Review: Catching up with Doctor Who and Ncuti Gatwa’s stellar freshman season

black make in light blue striped shirt, blue pants, brown leather jacket, posing with hands in pockets in front of the TARDIS console
Enlarge / Ncuti Gatwa wrapped his first full season as the Fifteenth Doctor and proved more than up to the challenge.


Doctor Who is now in its 61st year featuring a host of gifted British actors each taking on the iconic role in turn. So Ncuti Gatwa had some very big shoes to fill when he took on playing the Fifteenth Doctor. Now the season has concluded and the verdict is in: Gatwa is more than up to the challenge, bringing sparkling energy, charisma, and a superb sense of style to the role. He sings and dances, too, as does winsome new companion Ruby Sunday (Millie Gibson). They have terrific onscreen chemistry and Davies is in top storytelling form. In short, the new season mostly feels as fresh and energetic as ever and I’m already looking forward to more.

(Spoilers below.)

Here’s a brief summation for the benefit of those who may not have kept up with the more recent seasons. This is Russell T. Davies’ second stint as showrunner, having revived the series in 2005. He lost no time introducing a few new twists after signing back on as show runner. When it came time for Jodie Whittaker’s Thirteenth Doctor to regenerate, fans had expected Gatwa to be introduced. Instead, the new Fourteenth Doctor was played by former Tenth Doctor David Tennant, reuniting with former companion Donna Noble (Catherine Tate) for three specials.

The third special was called “The Giggle.” During the climactic battle, the Doctor was shot. But instead of the usual regeneration, the Fourteenth Doctor “bigenerated” instead, resulting in both a Fourteenth Doctor and Gatwa’s Fifteenth Doctor, a separate physical entity. Tennant’s incarnation settled into a comfy retirement with Donna and her family, while Gatwa’s newly regenerated Doctor headed off for a fresh set of adventures.

In the Christmas special, “The Church on Ruby Road,” Gatwa’s Doctor picked up a new companion: Ruby Sunday, a young woman abandoned at a church on Christmas Eve and raised by her foster mother. Goblins kidnapped the new foster baby, Lulubelle, to feed her to the Goblin King in a ritual sacrifice involving a rather silly goblin song. Ruby and the Doctor joined forces to save her. Naturally Ruby decided to join him for a few more adventures in the TARDIS. (You can read our interview with Davies, Gatwa, and Gibson here.)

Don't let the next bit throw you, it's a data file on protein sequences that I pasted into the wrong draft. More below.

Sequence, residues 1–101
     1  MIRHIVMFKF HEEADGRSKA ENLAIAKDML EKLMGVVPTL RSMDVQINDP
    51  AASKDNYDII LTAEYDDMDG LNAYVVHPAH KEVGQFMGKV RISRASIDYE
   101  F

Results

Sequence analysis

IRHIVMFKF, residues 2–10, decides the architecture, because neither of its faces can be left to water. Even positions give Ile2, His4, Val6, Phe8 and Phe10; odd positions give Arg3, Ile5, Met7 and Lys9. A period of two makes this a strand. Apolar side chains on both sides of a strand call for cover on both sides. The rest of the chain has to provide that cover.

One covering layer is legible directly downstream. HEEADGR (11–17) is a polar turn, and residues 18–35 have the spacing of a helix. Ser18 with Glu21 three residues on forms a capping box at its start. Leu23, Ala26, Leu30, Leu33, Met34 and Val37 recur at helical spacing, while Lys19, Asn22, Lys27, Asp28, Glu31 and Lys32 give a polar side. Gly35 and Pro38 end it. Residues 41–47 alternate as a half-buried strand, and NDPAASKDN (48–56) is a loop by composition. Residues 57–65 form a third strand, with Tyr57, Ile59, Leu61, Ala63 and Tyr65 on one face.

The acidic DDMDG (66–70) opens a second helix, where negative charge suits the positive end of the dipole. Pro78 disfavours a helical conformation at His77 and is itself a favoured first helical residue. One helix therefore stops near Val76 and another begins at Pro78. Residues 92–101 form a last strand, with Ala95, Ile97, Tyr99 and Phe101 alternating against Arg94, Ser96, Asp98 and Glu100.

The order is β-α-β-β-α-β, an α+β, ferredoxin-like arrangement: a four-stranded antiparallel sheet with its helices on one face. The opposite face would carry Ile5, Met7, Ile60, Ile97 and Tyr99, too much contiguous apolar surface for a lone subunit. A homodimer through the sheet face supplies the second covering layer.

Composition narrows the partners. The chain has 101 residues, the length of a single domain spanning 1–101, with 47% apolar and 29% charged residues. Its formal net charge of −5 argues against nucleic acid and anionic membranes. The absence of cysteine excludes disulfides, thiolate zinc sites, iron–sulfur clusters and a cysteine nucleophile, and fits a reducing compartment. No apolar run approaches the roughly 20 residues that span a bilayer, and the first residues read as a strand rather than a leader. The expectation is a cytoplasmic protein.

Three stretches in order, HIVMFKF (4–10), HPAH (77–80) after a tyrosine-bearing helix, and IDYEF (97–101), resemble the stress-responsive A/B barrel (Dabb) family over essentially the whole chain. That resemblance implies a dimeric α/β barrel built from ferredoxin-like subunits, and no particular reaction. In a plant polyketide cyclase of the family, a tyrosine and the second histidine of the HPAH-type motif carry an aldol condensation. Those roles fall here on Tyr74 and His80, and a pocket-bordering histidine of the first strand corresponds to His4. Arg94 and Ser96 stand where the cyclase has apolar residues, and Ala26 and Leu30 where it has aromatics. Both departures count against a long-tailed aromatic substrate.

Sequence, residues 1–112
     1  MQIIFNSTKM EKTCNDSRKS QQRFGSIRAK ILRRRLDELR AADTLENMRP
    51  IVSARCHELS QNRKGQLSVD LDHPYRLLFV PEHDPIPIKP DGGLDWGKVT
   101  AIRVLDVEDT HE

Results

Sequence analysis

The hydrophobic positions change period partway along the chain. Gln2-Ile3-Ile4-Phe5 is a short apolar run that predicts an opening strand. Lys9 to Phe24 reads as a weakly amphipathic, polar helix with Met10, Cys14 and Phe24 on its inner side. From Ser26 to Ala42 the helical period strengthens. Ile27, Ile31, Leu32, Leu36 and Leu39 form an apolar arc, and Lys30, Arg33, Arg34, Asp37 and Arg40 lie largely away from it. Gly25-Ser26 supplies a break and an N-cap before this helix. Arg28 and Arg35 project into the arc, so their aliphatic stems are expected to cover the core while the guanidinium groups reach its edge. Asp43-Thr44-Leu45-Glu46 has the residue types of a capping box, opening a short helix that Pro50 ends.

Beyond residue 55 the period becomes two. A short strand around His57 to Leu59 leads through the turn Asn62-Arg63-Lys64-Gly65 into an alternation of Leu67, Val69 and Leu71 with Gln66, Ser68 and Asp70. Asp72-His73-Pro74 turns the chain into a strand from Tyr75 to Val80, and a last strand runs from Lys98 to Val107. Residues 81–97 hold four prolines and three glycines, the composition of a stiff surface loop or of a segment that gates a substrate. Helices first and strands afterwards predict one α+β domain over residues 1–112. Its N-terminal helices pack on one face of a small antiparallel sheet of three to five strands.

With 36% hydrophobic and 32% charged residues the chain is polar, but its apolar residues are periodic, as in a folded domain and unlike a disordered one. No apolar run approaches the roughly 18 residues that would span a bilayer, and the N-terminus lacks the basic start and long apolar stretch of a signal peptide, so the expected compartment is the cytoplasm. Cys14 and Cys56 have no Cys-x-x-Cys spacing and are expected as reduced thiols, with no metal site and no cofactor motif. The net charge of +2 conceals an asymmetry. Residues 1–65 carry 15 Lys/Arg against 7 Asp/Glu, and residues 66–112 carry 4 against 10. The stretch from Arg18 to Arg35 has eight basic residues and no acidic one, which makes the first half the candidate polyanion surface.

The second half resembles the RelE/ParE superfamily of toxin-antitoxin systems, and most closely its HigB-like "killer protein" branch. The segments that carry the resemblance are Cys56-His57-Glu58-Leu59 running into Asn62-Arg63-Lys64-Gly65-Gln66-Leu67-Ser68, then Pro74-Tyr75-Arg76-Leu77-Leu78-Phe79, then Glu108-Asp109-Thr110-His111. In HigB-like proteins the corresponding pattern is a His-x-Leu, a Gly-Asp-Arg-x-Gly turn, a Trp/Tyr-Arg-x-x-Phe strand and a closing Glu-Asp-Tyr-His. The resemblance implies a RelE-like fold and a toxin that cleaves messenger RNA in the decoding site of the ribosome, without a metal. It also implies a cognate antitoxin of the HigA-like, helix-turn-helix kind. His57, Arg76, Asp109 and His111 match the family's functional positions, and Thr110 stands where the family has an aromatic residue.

Enlarge / “Space babies!”


The Doctor and Ruby kicked things off by rescuing a group of talking “space babies’ on an abandoned baby farm space station who were being terrorized by a monstrous Bogeyman (made, as it turns out, from actual “bogies” aka snot). It’s a clever standalone concept that never quite gels, despite the charm of seeing babies in motorized strollers operating Rube-Goldberg-like systems to perform basic tasks on board the ship. But it works well as an appetizer for what’s to come.

By contrast, “The Devil’s Chord” is a classic Whovian adventure, in which the Doctor and Ruby must save the world from a powerful being called Maestro (Jinkx Monsoon), child of  the Toymaker (arch-villain of “The Giggle”).  Unwittingly summoned by a piano teacher playing the “devil’s chord” in 1925, Maestro has been robbing the universe of music, intent on leaving nothing but Aeolian tones. So when the Doctor and Ruby crash a Beatles recording session in 1963, they are dismayed to hear the Fab Four play a decidedly uninspired tune about Paul McCartney’s dog rather than one of their future hits. Everything works in this episode, from Monsoon’s maniacal cackle to the fabulous outfits and sly visual callback to the Abbey Road album cover (not to mention the famous keyboard scene in Big). Bonus points for the big musical number at the end, taking advantage of Gatwa’s and Gibson’s natural talents.

Jinkx Monsoon as Maestro, who is robbing the universe of all music.
Enlarge / Jinkx Monsoon as Maestro, who is robbing the universe of all music.


The Bridgerton references run wild in the delightful “Rogue,” as the Doctor and Ruby travel to Regency England and discover a group of “cosplaying” shapeshifter aliens have crashed the same gathering. (The Chuldurs kill whomever they want to “play” and take over their identities.) They are aided by a futuristic bounty hunter named Rogue (Jonathan Groff), with whom the Doctor enjoys a romantic interlude—only for Rogue to sacrifice himself to save Ruby, banished to an unknown alternate dimension with the Chuldurs.

“Boom” takes the duo to a war-torn planet in which the casualties are strictly controlled by a corporate algorithm, while in “Dot and Bubble,” the Doctor and Ruby try to save an off-planet community of rich young white people from carnivorous slugs—which the youngsters don’t notice because they live their lives literally shrouded in an online bubble. Is the metaphor a bit heavy-handed? Yes it is, but it’s amusing to watch Lindy Pepper-Bean (Callie Cooke) try to navigate the outside world without the aid of a helpful virtual arrow telling her where to step.

(WARNING: Major spoilers for “73 Yards” and the final two episodes below. )

Sparks fly between the Doctor and a futuristic bounty hunter named Rogue in Regency England.
Enlarge / Sparks fly between the Doctor and a futuristic bounty hunter named Rogue in Regency England.